So you’re going to tour UT Austin (and Austin in general)

Man photographing UT tower from a distance

The author, possibly trespassing to get the shot

My daughter Maya was accepted to UT Austin. Despite eBaying a lot of University of Michigan garb (and wearing my old Michigan Soccer schwag), and despite the small “go blue” sticker on her car, and despite her deep distaste for Texas politics, she wanted to check out UT over the first few days of her spring break.

I had never been to Austin but have old friends there. So we booked an expensive flight from Denver and I reached out to one of my oldest friends, Brad Williams, who provided a litany of things-to-do ideas.

I had met Brad on a train platform in Mannheim in 1986. We were both high school exchange students on the Congress-Bundestag Youth Exchange Program at the time. I had last seen him in 2008, when he had come to stay during the Democratic National Convention during which the party officially nominated a young man for the top job.

Very different times.

By all rights, Maya shouldn’t have been accepted at UT Austin. Not because she lacked the academic credentials and so forth. Rather, because, in a supplement essay, I suggested she personalize the ending a bit more with a shout out to the UT football team. “Go Aggies!” I added, then was out the door to something I can’t now recall.

Perhaps five minutes later, it dawned on me that the Aggies have to do with Texas A&M, UT’s top rival.

This error fit into a longstanding pattern. Almost all corrections I had ever had to do when working for, say, the Daily Camera, had to do with facts I was quite sure of but didn’t double-check.

I called Maya, which I rarely do, given texting.

“Did you submit that essay?” I asked.

“Yeah. Why?”

“Well, I may have. . .  steered you wrong.”

She laughed, fortunately, and has since gotten a lot of mileage out of the story. I figured we’d simply blown the $75 or whatever application fee. But the Longhorns accepted her after all, probably because the admissions officers got such laughs out of “Go Aggies.”

With that as an online-recipe-length prologue, on to the tour.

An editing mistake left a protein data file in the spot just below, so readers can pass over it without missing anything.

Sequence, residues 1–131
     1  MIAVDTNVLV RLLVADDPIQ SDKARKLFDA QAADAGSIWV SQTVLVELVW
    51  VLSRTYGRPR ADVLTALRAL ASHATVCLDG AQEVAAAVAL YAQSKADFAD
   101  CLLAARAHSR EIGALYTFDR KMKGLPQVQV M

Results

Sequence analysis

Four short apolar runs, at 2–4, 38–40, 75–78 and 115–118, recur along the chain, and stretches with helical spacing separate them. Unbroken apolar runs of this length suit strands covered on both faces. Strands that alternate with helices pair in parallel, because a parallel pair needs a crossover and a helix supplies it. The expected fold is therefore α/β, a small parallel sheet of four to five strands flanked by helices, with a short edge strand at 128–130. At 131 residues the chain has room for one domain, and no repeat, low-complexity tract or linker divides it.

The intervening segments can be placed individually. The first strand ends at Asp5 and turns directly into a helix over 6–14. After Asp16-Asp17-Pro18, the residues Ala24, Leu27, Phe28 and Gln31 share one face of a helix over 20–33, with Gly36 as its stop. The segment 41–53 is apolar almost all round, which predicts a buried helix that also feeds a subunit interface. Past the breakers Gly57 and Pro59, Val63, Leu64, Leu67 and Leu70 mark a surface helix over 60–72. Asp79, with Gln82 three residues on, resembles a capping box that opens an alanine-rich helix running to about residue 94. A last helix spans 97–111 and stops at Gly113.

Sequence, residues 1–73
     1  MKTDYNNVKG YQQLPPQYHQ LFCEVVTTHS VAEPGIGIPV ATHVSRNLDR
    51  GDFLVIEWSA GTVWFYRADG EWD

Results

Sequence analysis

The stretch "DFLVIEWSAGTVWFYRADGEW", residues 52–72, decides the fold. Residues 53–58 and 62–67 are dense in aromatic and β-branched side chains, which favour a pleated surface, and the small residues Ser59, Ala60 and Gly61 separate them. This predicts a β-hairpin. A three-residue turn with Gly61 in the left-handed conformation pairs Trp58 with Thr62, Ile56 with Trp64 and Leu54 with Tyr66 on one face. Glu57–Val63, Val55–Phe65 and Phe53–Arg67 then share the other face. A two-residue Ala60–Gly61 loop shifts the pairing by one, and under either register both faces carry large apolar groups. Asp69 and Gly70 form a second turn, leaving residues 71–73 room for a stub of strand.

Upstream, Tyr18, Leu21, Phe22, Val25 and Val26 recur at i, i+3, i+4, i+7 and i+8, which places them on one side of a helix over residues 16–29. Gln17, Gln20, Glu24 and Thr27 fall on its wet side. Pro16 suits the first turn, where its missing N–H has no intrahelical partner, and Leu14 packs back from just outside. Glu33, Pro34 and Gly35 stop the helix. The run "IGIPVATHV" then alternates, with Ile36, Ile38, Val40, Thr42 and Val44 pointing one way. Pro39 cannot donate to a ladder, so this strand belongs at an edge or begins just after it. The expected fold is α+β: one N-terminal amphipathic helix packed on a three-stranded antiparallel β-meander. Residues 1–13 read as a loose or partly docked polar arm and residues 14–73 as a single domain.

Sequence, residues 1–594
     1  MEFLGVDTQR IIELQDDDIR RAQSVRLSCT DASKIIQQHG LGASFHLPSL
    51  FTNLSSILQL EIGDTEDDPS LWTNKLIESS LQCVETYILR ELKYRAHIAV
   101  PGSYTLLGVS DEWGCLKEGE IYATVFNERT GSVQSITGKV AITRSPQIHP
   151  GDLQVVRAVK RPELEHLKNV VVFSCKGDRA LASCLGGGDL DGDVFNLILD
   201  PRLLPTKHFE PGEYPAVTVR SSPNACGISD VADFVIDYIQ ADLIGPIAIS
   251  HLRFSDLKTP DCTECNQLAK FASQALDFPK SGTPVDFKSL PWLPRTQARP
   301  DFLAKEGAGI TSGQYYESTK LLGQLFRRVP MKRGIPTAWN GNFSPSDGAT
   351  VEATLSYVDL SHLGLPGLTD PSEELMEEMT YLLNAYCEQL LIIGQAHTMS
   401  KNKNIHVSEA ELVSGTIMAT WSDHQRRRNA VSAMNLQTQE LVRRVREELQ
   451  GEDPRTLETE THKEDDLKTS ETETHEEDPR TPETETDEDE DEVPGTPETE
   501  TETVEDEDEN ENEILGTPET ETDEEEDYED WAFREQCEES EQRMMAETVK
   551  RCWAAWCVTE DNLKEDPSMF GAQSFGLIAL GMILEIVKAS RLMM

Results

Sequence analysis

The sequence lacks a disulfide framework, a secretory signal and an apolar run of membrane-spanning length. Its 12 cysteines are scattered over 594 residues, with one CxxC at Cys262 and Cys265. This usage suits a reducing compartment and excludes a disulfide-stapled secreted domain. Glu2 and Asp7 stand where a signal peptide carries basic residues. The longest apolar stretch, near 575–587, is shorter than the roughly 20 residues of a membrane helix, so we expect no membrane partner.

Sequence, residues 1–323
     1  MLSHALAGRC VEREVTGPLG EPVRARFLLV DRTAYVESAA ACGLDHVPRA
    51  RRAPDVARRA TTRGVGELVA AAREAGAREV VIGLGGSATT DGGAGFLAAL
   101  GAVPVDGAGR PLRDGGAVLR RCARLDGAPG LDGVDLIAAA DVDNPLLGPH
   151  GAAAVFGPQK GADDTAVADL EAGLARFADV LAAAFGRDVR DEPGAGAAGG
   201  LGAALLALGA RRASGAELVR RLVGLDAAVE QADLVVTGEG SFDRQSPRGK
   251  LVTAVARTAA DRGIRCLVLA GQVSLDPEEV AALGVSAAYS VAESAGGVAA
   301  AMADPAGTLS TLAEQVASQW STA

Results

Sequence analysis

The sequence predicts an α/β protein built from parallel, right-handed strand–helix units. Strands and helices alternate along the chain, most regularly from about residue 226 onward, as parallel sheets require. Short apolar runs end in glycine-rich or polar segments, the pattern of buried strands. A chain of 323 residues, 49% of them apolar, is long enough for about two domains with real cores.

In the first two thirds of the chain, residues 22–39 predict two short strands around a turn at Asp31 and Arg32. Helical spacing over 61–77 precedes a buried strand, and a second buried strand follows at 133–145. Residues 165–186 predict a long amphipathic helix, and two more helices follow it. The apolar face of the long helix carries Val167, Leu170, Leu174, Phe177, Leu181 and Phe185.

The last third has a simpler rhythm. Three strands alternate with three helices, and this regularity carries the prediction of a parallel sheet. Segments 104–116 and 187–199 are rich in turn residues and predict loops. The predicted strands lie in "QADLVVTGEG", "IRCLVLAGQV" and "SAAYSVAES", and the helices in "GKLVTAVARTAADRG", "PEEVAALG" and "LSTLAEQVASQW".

The UT Campus

Campus is lovely. Big but walkable. We did a guided tour for admitted students. Besides the intro in which admissions folks talk about dates for committing and so forth, this is I assume the same as the prospective-student tour. The tour being self-explanatory, I would offer only that the Welcome Center entrance is on the south end of the Speedway/”yellow brick road” and a short walk from the Brazos garage, so no need to leave more than about five minutes for the on-campus walking commute once you’ve parked. (I belabor this because Google Maps places it more generally in the Perry-Castañeda Library, which it’s in, but which has entrances elsewhere.).

Nancy Rubins "Monochrome for Austin" sculpture

Either Nancy Rubins “Monochrome for Austin” sculpture or a spectacular boat collision

To-Dos on the UT Campus

Besides the walking tour, you’ve got the Harry Ransom Center (free admission, donations suggested), which houses two amazing artifacts and a great painting that take a total of about 12 minutes to soak in. The first artifact is one of 20 surviving copies of the original Gutenberg Bible, circa 1455. These were the among first publications to use moveable type outside of China. Prior to this, books were reproduced by scribes such as myself.

A few steps away is the the Niépce Heliograph, (“sun writing”), made in 1827. It’s essentially the world’s oldest surviving photograph, though it’s a product of a few days of consecutive sunlight etching an image on a polished pewter plate with help from a coating of light-sensitive bitumen in oil of lavender. These days, sunlight does much the same thing semiconductor sensors in our phones.

Finally, you’ve got a Frida Kalho’s Self-Portrait with Thorn Necklace and Hummingbird off to the right upon entry. The literal monkeys on her back represented the figurative monkeys on her back.

The campus bookstore – called the University Co-Op, is technically off campus, but essentially across Guadalupe Street from campus. (It’s pronounced “Guada-loop,” I learned the hard way) due west of the plaza below the UT Tower. It offers the greatest density of burnt-orange items in all of retail. I bought Maya a sweatshirt that will probably turn into a novelty among a lot of maize and blue.